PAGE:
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trary is the case : they are bur- pendent of the foundation, and thened with a very heavy exercise who may be admitted or dismissed on every half holiday, Tuesday ex- at the master's pleasure. They cepted, which they are required to either belong to boarding-houses, produce in the morning afterwards, or, if their friends reside near, live And I can assure my reader, to at their own homes, and then, exescape this exercise, they would cept in school hours, are not subfreely go without their half holiday. ject to the jurisdiction of the masThe hours, therefore, which many, ters or the ushers, which the boys inflamed with an ignorant rancour who live in the boarding-houses are. against publick schools, have sup- In every respect these day boys posed devoted to idleness and play, have the same advantages of edu. are, in reality, the most busy and cation with the rest, and may pass instructive of any! The whole af- through the school, and obtain all ternoon of the half holiday is spent its profits for the moderate sum of in labouring the exercise for the six guineas per annum ! These next morning, which is first done boys are held in equal respectain a foul book, and thence copied bility with the others ; there is no on a half sheet of paper, and pre- difference that I know of; and sented to the usher, or master, be- many of the opulent families who fore breakfast on the ensuing day. reside all the year in London, preIt is for want of examination that fer sending their children in this publick schools are accused of idlemanner.-Never after this let us ness. The ushers, as I have be- hear of the expense of a publick fore said, are paid partly out of school education in Great-Brithe funds, which are not, however, tain. sufficient for their support ; they 3. I now come to the king's have a guinea, therefore, yearly scholars. This foundation is very from every boy in the form to which different from that of any other they belong; and, as all the board. school. They are forty in numing houses must necessarily have ber, and are supplied by an annual an usher to keep peace and order election from the town boys. Thus among the boys, he obtains the every king's scholar must necessasame sum from each belonging to rily have been a town boy, though the house where he himself re- no town boy, unless chosen, can be sides; and has besides many other a king's scholar. The foundation ways of augmenting his salary. draws to itself, as a centre, all the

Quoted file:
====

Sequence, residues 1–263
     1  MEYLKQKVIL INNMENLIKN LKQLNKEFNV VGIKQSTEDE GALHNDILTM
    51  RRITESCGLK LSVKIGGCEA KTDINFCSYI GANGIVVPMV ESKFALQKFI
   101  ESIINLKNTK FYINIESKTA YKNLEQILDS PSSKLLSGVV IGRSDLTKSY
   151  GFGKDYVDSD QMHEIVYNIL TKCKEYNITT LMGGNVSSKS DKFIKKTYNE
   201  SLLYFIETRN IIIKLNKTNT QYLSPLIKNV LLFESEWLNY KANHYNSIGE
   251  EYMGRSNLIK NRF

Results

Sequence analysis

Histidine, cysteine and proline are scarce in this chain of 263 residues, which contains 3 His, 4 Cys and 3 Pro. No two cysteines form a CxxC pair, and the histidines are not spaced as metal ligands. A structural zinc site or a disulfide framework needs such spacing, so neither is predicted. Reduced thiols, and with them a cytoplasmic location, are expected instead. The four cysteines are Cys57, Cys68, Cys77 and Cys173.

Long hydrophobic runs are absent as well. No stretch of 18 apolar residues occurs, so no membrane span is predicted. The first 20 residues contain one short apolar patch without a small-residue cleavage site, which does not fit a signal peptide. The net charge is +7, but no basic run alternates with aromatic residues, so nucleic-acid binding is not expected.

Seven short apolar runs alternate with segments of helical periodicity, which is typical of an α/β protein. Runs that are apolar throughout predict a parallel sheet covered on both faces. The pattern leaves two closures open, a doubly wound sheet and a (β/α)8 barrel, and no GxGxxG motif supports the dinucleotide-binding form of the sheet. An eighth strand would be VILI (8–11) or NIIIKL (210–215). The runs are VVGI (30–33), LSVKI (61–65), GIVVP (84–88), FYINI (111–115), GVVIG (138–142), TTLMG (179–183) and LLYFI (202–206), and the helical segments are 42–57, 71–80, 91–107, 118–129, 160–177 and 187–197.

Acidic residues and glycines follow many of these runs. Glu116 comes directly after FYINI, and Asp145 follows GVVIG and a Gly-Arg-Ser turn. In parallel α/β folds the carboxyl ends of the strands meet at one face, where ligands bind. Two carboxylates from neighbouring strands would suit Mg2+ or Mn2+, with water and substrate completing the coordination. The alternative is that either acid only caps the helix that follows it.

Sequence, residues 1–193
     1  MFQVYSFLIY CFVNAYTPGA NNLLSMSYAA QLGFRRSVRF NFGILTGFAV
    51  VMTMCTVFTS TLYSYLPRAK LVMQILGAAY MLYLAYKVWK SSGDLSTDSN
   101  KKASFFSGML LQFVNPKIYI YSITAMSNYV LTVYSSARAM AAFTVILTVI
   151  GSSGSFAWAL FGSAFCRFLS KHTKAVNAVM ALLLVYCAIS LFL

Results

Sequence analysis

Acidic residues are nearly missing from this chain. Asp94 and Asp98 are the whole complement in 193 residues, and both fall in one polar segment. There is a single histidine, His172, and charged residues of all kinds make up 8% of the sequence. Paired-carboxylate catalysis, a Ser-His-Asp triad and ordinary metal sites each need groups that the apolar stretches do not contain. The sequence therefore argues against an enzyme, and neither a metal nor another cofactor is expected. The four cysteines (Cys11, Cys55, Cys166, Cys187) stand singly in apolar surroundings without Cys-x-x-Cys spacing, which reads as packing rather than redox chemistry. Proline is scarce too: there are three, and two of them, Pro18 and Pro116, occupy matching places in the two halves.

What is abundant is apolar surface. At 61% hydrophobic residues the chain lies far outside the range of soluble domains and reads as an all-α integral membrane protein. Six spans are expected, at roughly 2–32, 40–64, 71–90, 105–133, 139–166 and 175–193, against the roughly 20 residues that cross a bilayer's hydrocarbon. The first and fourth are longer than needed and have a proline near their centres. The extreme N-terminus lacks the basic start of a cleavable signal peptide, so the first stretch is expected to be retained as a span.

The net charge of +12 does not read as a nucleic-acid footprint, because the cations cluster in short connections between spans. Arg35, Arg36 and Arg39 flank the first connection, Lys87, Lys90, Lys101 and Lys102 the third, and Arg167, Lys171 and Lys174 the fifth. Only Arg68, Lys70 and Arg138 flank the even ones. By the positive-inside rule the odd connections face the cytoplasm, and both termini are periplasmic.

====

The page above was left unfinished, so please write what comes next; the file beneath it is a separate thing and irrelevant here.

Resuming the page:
The ushers are generally clergy- talents, the industry, and respecta. men, and all at present, I believe, bility of the whole school. It is are handsomely provided with where every father wishes to see church livings, or are fellows of his son ; where greater attention Trinity College, Cambridge. They is paid both to their morals and are men of extensive learning and learning, since the superintendence high respectability, and, without over them is necessarily more lessening their authority, live on strict. It is where the sons of the the most friendly terms with the first families in the kingdom have boys.

been educated; where a Busby 2d. I come next to consider the trained up his scholars ; whence town boys. I must define them by Cowley, Dryden, Smith, Halifax, negatives. They are such as are and all the illustrious men of that not king's scholars, who are inde. age issued, and whence inost of those of the present have imbibed right of claim, and accept of those, the early seeds of education. whom the dean of Christ Church,